Performance Management and Government?
Performance management and government – two words you don’t often hear together and when you do – you’re quite likely to roll your eyes and move on to the next headline. That’s what I used to do until I attended a SAARC workshop on “Government Performance Management” which changed my mind. The two-day workshop in New Delhi from 30-31 March 2010, brought together delegates from Sri Lanka, Pakistan, Maldives, Bhutan, Nepal, Afghanistan to discuss what government’s can do to improve their performance. Quite surprisingly the Indian government is doing a whole lot.
Under a directive from the Prime Minister’s Office, departments with uncharacteristic speed and efficiency have been implementing a new “Performance Monitoring and Evaluation System” (PMES) since 2009. At the heart of the PMES is a relatively simple concept – “what gets measured, gets managed”. It marks a shift away from traditional practices of measuring expenditures as outcomes to a more rigorous system of evaluating the performance of government departments. Steered by the Cabinet Secretariat’s Performance Management Division, the PMES is designed to help government departments define, measure and monitor their progress against defined targets and indicators.
How will it work?
At the beginning of each year (1 April), government departments have to develop a Results Framework Document (RFD) which is essentially a performance agreement signed between a Minister and the Secretary of a particular department. In the RFD, departments have to address three basic questions: i) what are the main objectives of the department for the year? ii) what actions are necessary to achieve these objectives and finally iii) what are the success indicators necessary to evaluate these actions. The matrix that results from this exercise is locked into an online MIS system which is then tracked through the year. The department’s progress against these set targets is first reviewed after 6 months and finally evaluated at the end of the year (31 March). Till date, 62 line ministries have signed up to the RFD and their RFDs can already be accessed online. Under discussion is also a controversial proposal to link 40% of a Secretary’s salary to the department’s performance. If implemented this would introduce a system of performance based pay never before seen in the history of Indian administration.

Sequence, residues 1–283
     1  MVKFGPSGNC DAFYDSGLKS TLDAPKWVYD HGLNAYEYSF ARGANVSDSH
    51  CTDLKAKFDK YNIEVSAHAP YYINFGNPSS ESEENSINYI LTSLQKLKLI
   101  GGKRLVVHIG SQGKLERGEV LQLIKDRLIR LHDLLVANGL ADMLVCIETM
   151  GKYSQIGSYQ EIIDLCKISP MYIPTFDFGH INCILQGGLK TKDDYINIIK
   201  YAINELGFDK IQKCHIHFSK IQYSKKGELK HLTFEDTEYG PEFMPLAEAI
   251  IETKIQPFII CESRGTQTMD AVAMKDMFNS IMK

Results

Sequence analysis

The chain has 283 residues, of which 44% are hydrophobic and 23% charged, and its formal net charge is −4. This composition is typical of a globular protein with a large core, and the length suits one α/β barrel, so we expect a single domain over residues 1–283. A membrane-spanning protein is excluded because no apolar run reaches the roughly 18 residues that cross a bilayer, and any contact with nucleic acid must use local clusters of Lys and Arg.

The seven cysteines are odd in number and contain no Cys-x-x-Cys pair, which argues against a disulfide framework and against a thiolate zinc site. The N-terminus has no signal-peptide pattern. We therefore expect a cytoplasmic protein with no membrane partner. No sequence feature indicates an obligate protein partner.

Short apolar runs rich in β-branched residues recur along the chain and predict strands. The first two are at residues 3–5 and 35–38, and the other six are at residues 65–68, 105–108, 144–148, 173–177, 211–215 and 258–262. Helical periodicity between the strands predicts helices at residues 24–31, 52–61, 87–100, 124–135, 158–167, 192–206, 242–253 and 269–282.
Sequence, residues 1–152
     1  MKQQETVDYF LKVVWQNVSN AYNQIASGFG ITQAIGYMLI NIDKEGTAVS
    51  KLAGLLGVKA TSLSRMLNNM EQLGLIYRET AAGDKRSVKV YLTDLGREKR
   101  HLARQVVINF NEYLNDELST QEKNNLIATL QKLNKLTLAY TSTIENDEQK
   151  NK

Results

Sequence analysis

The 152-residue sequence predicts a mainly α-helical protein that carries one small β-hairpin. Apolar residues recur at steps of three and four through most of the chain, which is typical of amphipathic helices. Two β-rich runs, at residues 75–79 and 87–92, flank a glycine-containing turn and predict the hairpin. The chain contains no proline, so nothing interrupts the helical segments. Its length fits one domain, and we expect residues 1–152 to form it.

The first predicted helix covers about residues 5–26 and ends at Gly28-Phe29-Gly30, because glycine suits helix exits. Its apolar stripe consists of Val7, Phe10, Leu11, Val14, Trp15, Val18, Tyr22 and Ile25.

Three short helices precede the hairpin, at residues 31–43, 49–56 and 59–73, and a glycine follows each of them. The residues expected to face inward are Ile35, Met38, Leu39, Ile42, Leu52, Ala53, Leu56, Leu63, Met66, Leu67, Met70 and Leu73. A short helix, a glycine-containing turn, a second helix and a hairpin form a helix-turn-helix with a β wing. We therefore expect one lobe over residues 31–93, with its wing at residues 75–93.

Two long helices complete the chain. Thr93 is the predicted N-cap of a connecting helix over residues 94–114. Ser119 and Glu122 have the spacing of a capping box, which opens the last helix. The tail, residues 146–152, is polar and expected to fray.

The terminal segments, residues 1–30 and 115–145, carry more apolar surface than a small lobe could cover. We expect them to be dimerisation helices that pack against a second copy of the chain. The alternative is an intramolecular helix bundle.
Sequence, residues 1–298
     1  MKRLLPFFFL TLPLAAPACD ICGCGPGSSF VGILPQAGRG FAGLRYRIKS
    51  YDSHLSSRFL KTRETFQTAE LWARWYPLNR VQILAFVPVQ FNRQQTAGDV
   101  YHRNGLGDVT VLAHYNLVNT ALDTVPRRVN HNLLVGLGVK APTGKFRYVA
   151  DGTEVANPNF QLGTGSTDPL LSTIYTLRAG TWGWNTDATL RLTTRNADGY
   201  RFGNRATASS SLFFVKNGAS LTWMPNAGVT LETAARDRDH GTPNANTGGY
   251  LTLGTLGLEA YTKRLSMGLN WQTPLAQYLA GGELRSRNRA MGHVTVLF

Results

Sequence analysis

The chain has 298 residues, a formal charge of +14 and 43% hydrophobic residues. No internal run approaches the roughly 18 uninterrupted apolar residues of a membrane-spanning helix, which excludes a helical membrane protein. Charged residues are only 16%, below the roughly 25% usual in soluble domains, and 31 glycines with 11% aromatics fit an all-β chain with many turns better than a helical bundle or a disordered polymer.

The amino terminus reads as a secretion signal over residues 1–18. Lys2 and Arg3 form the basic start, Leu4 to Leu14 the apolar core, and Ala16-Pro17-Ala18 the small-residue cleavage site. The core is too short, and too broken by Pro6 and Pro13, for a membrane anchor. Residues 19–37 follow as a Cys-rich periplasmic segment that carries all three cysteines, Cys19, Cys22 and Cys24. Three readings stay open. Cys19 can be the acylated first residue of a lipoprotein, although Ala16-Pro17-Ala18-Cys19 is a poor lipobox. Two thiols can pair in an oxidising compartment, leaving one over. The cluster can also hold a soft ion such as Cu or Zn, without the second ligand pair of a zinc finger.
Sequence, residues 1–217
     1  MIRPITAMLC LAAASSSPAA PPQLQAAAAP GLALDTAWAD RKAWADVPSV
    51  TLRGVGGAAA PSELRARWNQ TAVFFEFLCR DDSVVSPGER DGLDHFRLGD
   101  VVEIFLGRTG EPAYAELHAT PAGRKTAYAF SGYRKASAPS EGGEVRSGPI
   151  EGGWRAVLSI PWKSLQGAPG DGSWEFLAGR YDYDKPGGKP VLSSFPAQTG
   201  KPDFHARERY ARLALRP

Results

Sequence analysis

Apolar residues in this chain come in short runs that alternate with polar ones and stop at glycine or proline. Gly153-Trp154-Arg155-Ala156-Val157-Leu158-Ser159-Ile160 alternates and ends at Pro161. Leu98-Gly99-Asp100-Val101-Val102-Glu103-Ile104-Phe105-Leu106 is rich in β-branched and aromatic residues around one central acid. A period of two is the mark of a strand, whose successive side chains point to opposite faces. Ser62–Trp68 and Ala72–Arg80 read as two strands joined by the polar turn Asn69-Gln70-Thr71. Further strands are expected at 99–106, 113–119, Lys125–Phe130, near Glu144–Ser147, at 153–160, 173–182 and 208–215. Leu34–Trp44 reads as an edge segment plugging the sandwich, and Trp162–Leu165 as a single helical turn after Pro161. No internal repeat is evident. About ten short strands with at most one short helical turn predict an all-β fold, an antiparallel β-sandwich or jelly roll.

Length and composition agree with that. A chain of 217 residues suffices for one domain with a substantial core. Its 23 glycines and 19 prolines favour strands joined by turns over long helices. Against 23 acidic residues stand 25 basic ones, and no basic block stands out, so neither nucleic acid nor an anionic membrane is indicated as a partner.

When you factor in the many centrally sponsored schemes and their complex funding and implementation structures – things get even more complicated.
While all of this looks fantastic on paper, you have to wonder how it will work in practice given the scale and complexity of India’s governance and service delivery system. Take the Ministry of Rural Development (MoRD) for example; it is one of the largest ministries in the government with a budget of Rs 66137.86 crore for the year 2010-11. The Department of Rural Development – one of three departments within the Ministry - handles a range of social sector programmes including the NREGA, SGSY, PMGSY, IAY, NSAP and PURA. The scale of their interventions is tremendous: 28 states, 619 districts, 6484 blocks, 2.5 lakh panchayats, 15 lakh rural habitations and 542.90 lakh BPL households (data from MoRD). How do you begin to map all of this into a results based performance management system?
When you factor in the many centrally sponsored schemes and their complex funding and implementation structures – things get even more complicated. Here there are practical issues of coordination between different layers of bureaucracy, data and information gaps, limited implementation capacity, questions about the quality of services and even the quality of reporting. Over and above these implementation issues, there are broader questions about how the PMES will fit in with existing reporting and monitoring mechanisms which now include an Independent Evaluation Office and the Prime Ministers’ Delivery Monitoring Unit. Without sustained political will and proper incentives to see it through there is a real danger that the PMES will become just one amongst many well-intentioned but poorly implemented monitoring mechanisms – the ill-fated outcomes budget comes to mind.
Without a doubt, the government has its work cut out. But we have reasons to be optimistic. There is clearly a lot of political will and energy backing the PMES and its evident the Cabinet Secretariat means business. This is definitely one trend worth watching!
Mandakini Devasher Surie is a Research Associate with the Accountability Initiative.